A Cuban migrant living in the Malvinas received Argentine residency

yamila socorro molina decided to settle in the Falkland Islands in 2019 to work in hydroponics for a company that produces and markets crops. The woman, born in Cuba, is the first resident to inhabit the archipelago with an Argentine DNI.

Since she arrived in the archipelago, back in 2019, Yamila Socorro Molina knew that she wanted to regularize her situation under Argentine law. Procedures, forms and administrative processes cannot be done against her will.

Since July 19, this Cuban migrant who lives in the Malvinas Islands has been an Argentine resident. Florencia Carignano, National Director of Migrations highlighted this event as a “historical precedent to consolidate the country’s sovereignty” over the archipelago.

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Through his Twitter account, Carignano posted: “Historical: Migration granted Argentine residence for the first time to a migrant living in the Malvinas Islands. Yamila Socorro Molina is Cuban and received the first DNI for a foreign resident in our Malvinas Islands. We Grant Rights, We Build #Sovereignty.” At the headquarters of the National Directorate of Migrations located in Antártida Argentina 1355, in the Autonomous City of Buenos Aires, Yamila Molina received the document from the director of Migrations herself.

Carignano, who defined this decision as a historical precedent, stressed that this measure will help “consolidate our country’s sovereignty over the Malvinas territory.” And he added that “It is a challenge that we must assume and from Migration, with these actions, we put the mandate of the National Constitution at the forefront of those challenges,” explained the official.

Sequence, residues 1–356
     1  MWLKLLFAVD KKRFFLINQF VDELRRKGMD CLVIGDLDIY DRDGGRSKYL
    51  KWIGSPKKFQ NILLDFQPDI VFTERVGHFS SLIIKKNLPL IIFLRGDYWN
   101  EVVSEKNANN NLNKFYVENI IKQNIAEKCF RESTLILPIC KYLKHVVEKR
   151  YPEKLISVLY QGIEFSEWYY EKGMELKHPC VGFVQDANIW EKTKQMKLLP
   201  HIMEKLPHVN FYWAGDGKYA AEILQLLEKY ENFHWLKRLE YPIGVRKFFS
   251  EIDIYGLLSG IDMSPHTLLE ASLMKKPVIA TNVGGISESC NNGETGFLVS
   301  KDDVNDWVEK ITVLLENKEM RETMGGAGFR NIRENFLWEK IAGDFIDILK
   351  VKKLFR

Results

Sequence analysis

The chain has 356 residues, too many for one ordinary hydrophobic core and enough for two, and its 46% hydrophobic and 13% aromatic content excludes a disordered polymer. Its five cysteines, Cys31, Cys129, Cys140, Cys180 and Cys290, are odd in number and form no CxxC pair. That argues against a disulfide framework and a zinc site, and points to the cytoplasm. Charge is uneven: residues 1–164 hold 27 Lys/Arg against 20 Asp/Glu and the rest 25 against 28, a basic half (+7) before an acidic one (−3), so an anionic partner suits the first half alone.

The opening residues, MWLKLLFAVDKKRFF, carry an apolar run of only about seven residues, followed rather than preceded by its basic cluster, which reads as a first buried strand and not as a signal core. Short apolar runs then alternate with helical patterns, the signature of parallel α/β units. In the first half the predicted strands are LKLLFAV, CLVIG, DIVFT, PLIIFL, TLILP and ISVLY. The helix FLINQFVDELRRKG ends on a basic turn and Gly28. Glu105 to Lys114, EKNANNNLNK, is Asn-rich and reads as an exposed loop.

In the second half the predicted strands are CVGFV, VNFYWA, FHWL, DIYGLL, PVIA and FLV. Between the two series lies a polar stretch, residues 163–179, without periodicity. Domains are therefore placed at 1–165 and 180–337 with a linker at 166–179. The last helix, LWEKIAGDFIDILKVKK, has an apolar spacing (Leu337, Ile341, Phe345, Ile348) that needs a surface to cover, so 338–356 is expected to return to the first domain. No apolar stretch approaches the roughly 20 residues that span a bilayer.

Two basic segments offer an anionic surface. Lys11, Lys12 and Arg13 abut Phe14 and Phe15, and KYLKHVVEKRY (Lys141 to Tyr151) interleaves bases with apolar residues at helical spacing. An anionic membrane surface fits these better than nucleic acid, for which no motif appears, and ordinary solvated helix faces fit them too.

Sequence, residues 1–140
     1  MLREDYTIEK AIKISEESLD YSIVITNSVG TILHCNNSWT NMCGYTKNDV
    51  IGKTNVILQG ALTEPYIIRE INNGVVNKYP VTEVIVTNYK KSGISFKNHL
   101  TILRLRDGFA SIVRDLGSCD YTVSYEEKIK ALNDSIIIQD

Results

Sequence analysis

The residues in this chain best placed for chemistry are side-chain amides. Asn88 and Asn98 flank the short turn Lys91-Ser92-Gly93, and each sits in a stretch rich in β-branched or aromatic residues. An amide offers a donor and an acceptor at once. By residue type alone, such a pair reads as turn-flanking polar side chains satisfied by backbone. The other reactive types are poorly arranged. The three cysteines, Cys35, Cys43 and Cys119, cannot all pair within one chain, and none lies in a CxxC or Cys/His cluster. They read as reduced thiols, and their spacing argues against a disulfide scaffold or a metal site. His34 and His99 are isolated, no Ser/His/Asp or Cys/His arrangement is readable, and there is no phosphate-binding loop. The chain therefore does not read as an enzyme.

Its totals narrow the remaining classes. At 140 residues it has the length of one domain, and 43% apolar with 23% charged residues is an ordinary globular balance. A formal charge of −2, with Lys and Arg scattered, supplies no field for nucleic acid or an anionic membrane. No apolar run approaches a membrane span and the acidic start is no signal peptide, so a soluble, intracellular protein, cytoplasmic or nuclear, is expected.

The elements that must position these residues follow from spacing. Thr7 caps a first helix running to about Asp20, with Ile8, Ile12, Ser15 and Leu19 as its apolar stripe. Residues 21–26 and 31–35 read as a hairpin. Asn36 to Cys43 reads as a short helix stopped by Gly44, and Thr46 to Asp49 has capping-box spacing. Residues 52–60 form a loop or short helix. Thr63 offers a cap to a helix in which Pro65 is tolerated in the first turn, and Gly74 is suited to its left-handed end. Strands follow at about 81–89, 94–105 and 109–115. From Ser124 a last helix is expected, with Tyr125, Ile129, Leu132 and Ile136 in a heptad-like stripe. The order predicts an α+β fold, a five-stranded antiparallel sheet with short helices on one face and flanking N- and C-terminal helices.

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For his part, Molina explained: “I made this decision because I have to regularize myself before Argentina, because it is fair. I wanted to be in line with Argentine immigration legislation” and expressed that his request lies in “honoring” all the love that Argentina gave him and “the right that that country has over the islands”, as can be seen in a video published by Migraciones on its social networks.

“There are 86 nationalities (living on the islands). When you ask them what continent they live on, they don’t say in South America, they say in the South Atlantic. Those are things that shock one as a Latina,” Molina said.

After the meeting with Carignano, the new Argentine resident in the Malvinas left for the Ezeiza international airport to fly to Havana and visit her family. After her stay in Cuba, she will return to Malvinas soil. Before boarding the plane, Molina asserted: “I can assure you that the Malvinas are Argentine.”

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